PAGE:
It only takes ten rolls of 120 film at local rates to recoup the cost of the plugin. And whilst there is the ongoing cost of Lightroom to contend with, that is hardly something Nate at NLP can do anything about.
Personally, considering the cost of local lab scanning and the time it takes to mail away film and wait for a lab to get around to sending the scans, I think NLP provides great value for the quality of results that can be achieved. Add speed and simplicity to the equation and NLP is a real winner for me.
Interview with Nate Johnson, Creator of Negative Lab Pro
CP: Can you tell us a little bit about your background, and how you came up with Negative Lab Pro?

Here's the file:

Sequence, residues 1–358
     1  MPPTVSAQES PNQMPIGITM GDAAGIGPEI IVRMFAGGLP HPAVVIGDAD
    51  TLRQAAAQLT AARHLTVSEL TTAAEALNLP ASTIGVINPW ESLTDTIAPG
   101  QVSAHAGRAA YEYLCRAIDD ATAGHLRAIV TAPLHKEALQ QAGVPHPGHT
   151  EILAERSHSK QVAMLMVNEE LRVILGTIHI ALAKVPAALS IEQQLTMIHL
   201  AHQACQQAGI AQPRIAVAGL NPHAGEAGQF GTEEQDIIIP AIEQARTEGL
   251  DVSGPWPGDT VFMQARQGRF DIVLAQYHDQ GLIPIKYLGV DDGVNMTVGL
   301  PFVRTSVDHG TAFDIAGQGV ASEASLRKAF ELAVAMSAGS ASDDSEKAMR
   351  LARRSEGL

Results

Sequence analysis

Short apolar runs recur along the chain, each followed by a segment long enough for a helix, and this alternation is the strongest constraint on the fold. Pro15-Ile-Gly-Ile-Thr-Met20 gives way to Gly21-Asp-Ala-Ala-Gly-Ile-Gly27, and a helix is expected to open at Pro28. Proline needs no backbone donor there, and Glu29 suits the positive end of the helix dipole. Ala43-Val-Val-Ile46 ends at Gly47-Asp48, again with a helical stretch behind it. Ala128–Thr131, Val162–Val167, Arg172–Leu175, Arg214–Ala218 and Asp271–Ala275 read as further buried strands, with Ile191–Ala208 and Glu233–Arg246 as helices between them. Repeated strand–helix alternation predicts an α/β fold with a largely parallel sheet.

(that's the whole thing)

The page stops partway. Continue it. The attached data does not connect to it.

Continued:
Nate: My background is a mix of both technical and non-technical roles. I’ve been a part of a few different startups. I’ve built iPhone apps, web apps, and other Lightroom plugins. I’ve also had quite a few non-technical roles in my careers, mainly in marketing-related fields, like branding and search engine optimization.
I’ve found my real passion is in imaging software and style emulation. I just love the mix of art and science that it requires.
I found an outlet for this passion back in 2016 when I started Nate Photographic. I started creating and selling my own Lightroom presets, as well as courses on advanced style development in Lightroom and RAW profile development.
I expected that the site would just be a side gig, but it took off quicker than I could imagine, and within a year I was able to focus on it full-time.
My goal has always been to reduce the “trial and error” that often accompanies photo processing – both by understanding what is actually happening in the RAW processing pipeline, and by breaking down and measuring the characteristics that make up a processing “style.”